Olympic Stories Inspire the World

Stories eclipse the shine of medals

The stories that emerge from the Olympics, no matter which year or what season, outshine the glint we see on those three medals: Bronze, Silver, Gold. The stories that athletes share catch our attention as they encourage us to dream, cheer, and often come to tears. Their stories inspire.

Here are two examples:

Allyson Felix shares her story

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Li Cohen and Christopher Brito, writing for CBS News, tell us that, “Allyson Felix wins 11th medal, more than any other U.S. Athlete in Olympic track history.” They report:

Allyson Felix … won her 11th medal on Saturday, just one day after becoming the most-decorated woman in Olympic track history when she won bronze in the 400. Carl Lewis had previously held the title as most decorated U.S. track athlete, since 1996. Of Felix’s 11 medals, seven are gold and three are silver. … [She] has stood on the winners’ podium at least one time in the past five Olympics.

But that’s not the only challenge she faced. The article continues:

While Felix was pregnant with her daughter, she was also in contract renegotiations with her sponsor, Nike. When the company found out about her pregnancy, it was prepared to cut the terms of her endorsement by as much as 70%.

Felix wrote a New York Times op-ed, “Allyson Felix: My Own Nike Pregnancy Story.” She said:

What I’m not willing to accept is the enduring status quo around maternity. I asked Nike to contractually agree that I wouldn’t be punished if I didn’t perform at my best in the months surrounding childbirth. I wanted to set a new standard. If I, one of Nike’s most widely marketed athletes, couldn’t secure these protections, who could?

My disappointment is not just with Nike, but with how the sports apparel industry at large treats female athletes. Athletes are told to shut up and play. We are told that no one cares about our politics. We are told that we’re just entertainers, so run fast, jump high, and throw far. And don’t mess up. But pregnancy is not messing up.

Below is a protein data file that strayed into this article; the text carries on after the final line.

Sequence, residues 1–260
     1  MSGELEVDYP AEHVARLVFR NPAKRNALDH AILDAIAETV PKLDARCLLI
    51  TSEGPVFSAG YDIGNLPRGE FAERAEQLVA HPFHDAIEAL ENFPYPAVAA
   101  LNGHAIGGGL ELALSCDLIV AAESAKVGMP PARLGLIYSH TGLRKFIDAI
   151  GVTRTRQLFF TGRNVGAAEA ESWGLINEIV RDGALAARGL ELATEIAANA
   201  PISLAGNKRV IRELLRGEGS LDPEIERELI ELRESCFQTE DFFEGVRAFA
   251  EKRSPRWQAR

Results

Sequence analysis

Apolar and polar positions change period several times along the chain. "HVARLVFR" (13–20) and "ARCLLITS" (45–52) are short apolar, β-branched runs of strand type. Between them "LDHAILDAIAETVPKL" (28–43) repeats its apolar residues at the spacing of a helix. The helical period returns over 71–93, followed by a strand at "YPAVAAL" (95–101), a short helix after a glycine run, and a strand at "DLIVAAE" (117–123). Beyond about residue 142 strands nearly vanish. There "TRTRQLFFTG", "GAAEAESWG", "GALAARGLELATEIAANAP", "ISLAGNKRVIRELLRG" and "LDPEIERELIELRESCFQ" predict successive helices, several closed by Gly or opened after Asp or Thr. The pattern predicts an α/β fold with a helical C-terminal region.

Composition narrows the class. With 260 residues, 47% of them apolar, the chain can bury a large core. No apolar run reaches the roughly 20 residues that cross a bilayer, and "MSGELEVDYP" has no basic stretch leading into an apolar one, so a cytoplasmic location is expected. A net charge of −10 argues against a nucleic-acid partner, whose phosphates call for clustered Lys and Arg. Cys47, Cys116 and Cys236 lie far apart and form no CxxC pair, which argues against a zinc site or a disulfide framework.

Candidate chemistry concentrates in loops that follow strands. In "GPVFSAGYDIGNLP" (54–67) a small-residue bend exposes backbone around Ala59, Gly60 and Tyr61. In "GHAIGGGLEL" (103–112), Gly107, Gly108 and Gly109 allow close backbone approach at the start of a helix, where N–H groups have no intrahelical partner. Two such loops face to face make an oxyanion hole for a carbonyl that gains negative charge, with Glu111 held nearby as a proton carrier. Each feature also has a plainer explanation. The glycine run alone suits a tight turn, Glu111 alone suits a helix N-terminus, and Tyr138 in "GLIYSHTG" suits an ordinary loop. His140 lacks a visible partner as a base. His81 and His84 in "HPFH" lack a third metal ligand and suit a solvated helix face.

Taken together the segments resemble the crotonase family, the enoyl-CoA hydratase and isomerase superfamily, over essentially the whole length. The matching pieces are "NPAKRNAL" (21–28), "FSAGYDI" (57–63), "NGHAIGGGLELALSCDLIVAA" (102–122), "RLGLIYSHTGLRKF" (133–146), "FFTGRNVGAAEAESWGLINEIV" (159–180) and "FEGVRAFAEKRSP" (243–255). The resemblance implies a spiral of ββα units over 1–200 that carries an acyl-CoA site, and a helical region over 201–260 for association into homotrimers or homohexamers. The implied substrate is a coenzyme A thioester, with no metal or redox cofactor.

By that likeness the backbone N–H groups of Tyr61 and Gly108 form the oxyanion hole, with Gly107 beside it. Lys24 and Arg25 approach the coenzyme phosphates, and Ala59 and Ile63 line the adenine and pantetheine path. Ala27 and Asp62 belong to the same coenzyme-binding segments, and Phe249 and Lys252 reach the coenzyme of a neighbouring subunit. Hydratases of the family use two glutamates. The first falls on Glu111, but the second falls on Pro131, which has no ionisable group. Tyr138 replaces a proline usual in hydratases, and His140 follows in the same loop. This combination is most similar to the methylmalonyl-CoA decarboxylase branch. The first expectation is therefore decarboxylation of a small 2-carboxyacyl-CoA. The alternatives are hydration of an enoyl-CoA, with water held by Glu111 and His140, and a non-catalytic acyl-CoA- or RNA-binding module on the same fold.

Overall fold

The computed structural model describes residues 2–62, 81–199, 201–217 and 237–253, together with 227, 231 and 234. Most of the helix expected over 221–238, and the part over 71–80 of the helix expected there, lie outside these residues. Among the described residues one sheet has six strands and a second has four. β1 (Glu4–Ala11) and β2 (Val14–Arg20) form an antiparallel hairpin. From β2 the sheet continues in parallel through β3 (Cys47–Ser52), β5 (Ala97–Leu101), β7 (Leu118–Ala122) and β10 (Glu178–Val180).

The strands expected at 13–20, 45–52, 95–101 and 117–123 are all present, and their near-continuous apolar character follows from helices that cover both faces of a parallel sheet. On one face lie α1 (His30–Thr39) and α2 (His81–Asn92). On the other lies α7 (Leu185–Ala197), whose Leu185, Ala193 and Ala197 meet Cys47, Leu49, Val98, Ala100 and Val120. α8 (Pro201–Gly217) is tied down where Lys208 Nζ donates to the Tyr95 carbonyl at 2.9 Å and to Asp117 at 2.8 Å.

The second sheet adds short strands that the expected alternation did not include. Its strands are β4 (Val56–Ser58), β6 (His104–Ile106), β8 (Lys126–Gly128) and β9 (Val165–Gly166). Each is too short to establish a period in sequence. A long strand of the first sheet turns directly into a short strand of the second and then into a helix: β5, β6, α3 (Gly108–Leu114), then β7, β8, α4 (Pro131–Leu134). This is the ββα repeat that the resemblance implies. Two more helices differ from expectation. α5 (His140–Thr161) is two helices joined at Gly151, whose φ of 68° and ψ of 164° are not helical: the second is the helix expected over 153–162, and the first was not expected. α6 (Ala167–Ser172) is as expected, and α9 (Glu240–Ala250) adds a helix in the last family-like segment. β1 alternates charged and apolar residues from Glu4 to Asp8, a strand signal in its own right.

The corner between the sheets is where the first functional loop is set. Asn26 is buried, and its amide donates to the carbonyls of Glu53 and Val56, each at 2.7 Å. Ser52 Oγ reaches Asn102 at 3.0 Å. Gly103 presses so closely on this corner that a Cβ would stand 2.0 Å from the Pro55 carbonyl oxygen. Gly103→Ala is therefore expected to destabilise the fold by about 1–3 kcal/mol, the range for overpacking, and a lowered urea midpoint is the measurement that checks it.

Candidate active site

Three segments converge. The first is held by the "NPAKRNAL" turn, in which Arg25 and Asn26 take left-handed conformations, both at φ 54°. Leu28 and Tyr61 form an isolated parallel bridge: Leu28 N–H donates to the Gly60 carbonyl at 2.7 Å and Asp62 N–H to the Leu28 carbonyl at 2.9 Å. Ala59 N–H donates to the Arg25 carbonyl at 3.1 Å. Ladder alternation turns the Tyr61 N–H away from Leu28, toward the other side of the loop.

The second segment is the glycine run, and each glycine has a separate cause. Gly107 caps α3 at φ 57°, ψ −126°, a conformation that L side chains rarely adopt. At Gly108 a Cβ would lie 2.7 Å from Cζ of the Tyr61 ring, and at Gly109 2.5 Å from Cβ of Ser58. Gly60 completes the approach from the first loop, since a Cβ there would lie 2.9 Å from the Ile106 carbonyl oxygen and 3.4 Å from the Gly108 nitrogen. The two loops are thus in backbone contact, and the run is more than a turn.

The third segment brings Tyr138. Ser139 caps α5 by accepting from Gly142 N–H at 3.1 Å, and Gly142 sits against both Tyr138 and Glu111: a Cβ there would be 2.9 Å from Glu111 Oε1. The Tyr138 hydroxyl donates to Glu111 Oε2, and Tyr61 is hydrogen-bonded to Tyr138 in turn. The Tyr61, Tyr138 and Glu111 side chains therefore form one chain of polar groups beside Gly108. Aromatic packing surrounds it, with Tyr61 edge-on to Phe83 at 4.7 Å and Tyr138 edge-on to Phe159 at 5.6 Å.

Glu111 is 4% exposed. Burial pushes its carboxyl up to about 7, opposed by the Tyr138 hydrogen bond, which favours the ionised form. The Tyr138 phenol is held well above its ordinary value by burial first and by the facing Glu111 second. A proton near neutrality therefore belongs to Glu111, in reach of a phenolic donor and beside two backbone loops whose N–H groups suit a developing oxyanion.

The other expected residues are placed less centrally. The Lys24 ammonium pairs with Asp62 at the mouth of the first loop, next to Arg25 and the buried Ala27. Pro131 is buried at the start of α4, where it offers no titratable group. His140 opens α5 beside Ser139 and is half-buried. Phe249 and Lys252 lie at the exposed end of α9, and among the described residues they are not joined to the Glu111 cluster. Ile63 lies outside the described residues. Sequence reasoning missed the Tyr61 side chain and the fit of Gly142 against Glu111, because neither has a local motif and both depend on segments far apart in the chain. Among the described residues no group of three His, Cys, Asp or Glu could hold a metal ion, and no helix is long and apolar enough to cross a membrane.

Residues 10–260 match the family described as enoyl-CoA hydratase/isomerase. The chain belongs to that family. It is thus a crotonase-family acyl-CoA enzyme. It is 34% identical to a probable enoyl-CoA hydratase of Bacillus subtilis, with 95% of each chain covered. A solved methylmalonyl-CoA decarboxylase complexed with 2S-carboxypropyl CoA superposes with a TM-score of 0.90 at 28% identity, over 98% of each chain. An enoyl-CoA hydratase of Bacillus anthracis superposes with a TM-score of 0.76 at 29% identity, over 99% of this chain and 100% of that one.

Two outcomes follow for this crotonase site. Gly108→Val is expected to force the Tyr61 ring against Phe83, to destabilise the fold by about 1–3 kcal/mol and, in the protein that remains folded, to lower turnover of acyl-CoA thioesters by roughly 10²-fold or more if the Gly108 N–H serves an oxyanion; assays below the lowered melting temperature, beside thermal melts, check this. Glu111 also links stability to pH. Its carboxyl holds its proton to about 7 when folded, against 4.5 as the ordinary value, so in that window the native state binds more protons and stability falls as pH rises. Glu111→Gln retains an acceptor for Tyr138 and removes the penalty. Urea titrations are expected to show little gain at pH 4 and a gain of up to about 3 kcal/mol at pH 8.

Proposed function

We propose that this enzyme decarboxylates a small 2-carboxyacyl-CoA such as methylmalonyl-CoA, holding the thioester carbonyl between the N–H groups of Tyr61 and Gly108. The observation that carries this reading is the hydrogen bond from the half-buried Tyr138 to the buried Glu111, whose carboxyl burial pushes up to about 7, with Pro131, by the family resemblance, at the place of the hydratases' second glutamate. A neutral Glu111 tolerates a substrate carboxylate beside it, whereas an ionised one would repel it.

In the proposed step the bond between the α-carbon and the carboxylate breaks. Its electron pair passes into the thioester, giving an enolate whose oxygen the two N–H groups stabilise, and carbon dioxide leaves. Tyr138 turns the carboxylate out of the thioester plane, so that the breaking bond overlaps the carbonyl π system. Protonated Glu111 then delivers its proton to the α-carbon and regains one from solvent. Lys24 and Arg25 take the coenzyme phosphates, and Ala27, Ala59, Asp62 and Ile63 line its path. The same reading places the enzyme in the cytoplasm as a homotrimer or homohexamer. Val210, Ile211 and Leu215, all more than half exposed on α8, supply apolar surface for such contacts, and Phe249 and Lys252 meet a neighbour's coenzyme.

Following the report, The New York Times updated the status:

After broad public outcry and a congressional inquiry, Nike announced a new maternity policy for all sponsored athletes on Aug. 12. The new contract guarantees an athlete’s pay and bonuses for 18 months around pregnancy. Three other athletic apparel companies added maternity protections for sponsored athletes.

Simone Biles shares her story

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Another test of the Olympic spirit was on full world display with Simone Biles, the most decorated American gymnast of all time. She removed herself from competition because of a mental disorientation, called “the twisties”, that can put a gymnast at a high risk.

As if that weren’t enough, Ms. Biles had an added stress. Sophie Lewis, also reporting for CBS News, told us, “Simone Biles reveals her aunt died unexpectedly during Tokyo Olympics.” She writes:

At the end of the day, people don’t understand what we are going through. Two days ago, I woke up and my aunt unexpectedly passed, and it wasn’t any easier being here at the Olympic Games. … People have to realize that, at the end of the day, we’re humans, we’re not just entertainment. There are things going on behind the scenes that people have no idea about.

These stories can get lost among the thousands of others at the Olympics. So many stories tell of sacrifice and discipline and pure grit as the athletes push to do their best – for themselves, their families, and home communities.

As they wrap themselves in their national flags and brush back tears, we often can only guess at what triumphs they are experiencing. We are witnessing pride of accomplishment, for certain, but also taking in hints of so much more. There are stories to tell – and many will be told – to inspire the next cohort of aspirants.

Still, their voting voice may be silenced

Each athlete matters. Their stories matter. The spirit and opinions and voices that each share with the world matter.

So, ask yourself, “Which of these many prestigious American athletes are you willing to have their presidential ballots cast be disenfranchised in the next election?” As important and as inspirational as these athletes are, along with their stories and full display of accomplishment, only about half of those who vote will matter. Their opinion will not matter. Their ballots will be cast aside and not be relevant, not be represented in the Electoral College.

Who is willing to listen to these champions?

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By Jerry Spriggs and the Equal Voice Voting Team